Let’s face facts, many individuals in corporate leadership positions have created the illusion for themselves that their ideas alone are the best and their word on every subject within their sphere of influence is final, no matter what — even though evidence to the contrary can be staring them right in the face, and/or other people could be shouting the truth at them all day long. But in their minds it doesn’t matter. They will do what they want, no matter what, because they are the boss and, to their line of thinking, that makes them automatically correct. Every professional in business today
(regardless of industry) has at least one story of an encounter with a peer, manager, or executive that behaved this way, and many professionals unfortunately face this situation on a daily basis.
That brings us to what is one of the most important, yet difficult to achieve, aspects of management and leadership in general — keeping an open mind. Unfortunately, this concept is utterly disregarded by many individuals in leadership positions throughout the corporate world today.
The reasons for this disregard can be somewhat varied, so let’s take a look at a few of the major points that feed this issue:
The Quest for Glory
All people in the workforce want to have shining moments in their careers, times where they achieved greatness. However, during the pursuit, many individuals put their blinders on, get caught up in the chase, and only see what their contributions can bring to table, pushing everyone else aside so they themselves can take center stage.
In the corporate world’s current climate of the “me, me, only me” mentality, facing the fact that they do not have all the best answers or solutions is very disconcerting for the person involved — it shatters the illusion of self-perfection that they have built up within their own mind. So, in order to avoid facing that reality, they live in absolute denial of the truth, causing everyone around them to suffer for their delusions.
As the old adage goes – it’s very easy for the power of leadership to go to a person’s head – however, that can only occur if it is allowed to happen. So, when professionals have their egos in check, this trap can be avoided.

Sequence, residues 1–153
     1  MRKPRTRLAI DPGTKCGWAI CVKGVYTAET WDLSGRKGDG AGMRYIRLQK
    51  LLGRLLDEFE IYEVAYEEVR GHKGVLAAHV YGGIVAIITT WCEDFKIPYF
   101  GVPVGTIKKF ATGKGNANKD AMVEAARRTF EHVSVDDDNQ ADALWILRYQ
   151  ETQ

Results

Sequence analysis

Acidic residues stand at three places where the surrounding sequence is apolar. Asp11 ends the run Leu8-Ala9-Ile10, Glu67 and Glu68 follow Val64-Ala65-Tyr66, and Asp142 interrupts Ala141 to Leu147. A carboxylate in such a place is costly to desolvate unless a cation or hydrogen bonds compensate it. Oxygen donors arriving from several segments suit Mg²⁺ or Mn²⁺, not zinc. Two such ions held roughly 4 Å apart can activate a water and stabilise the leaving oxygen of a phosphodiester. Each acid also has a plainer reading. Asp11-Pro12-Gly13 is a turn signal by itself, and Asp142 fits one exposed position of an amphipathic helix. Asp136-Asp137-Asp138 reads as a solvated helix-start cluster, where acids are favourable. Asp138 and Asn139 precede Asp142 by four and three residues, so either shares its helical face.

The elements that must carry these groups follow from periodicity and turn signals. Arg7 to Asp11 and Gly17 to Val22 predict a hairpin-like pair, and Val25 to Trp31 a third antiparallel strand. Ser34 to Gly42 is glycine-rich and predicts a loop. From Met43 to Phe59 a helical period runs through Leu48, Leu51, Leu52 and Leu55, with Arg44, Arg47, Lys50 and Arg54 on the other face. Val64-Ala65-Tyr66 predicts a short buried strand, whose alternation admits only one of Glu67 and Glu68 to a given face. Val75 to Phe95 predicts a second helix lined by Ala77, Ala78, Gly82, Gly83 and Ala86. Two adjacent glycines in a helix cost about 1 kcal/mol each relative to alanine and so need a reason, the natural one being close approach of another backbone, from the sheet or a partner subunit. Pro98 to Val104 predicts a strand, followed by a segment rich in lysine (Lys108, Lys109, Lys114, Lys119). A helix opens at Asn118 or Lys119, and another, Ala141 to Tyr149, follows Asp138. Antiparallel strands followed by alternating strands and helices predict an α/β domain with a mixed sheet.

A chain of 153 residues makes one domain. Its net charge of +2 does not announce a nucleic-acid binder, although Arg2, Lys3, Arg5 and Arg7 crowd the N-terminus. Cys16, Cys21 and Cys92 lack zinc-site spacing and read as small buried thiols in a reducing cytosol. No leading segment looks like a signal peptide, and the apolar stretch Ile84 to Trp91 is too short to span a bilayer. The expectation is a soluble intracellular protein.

How? Well, in order to achieve this, a conscious choice must be made to ensure they really listen and contemplate other possibilities when they are presented. True leaders must continuously bear in mind that just because they are in a management position does not mean that they always have the best ideas or solutions. Learning early on that swallowing the pride and being open to new perspectives allows professionals to broaden not only their own horizons, but that of their respective companies as well.
Those that master and maintain this perspective will ultimately become very formidable individuals, not only in business, but in life as well.
The Fear of Inadequacy
Another major reason many individuals in leadership positions have difficulty keeping an open mind is, quite simply, fear. This fear manifests itself in the mind so that when managers/leaders feel that if they do not present the best ideas and solutions at all times; it will make them appear weak or incompetent to their departments, peers and upper management.
However, the reverse is actually true. By being a tyrant and closing their minds to other possibilities, it makes the leader in question appear, rigid, unyielding, and unapproachable. That perspective then has a domino effect which spreads like wildfire among other members of the organization. People will begin to avoid the manager in question at all costs, and/or keep themselves at arm’s-length in every encounter to minimize contact. Not a very productive scenario at all.
Every person in business should work to ensure that this fear does not control their thought processes
In summary, all business professionals should strive to be open to suggestions from their peers, team members, and subordinates. Keep the ego in check by facing the fact that no one person can know it all, no matter what level their position is within the hierarchy.
When good, viable options are presented by others, be sincerely grateful for the input and tell those individual(s) who presented the options that they are appreciated. That action will demonstrate to the other members of the organization that their perspectives matter, which has an extremely positive effect overall.
This in turn will also go a long way toward expanding a person’s own opportunities for growth and advancement, not to mention that it will place a professional on the path of true leadership, and help avoid the self-destruction of egocentric behavior.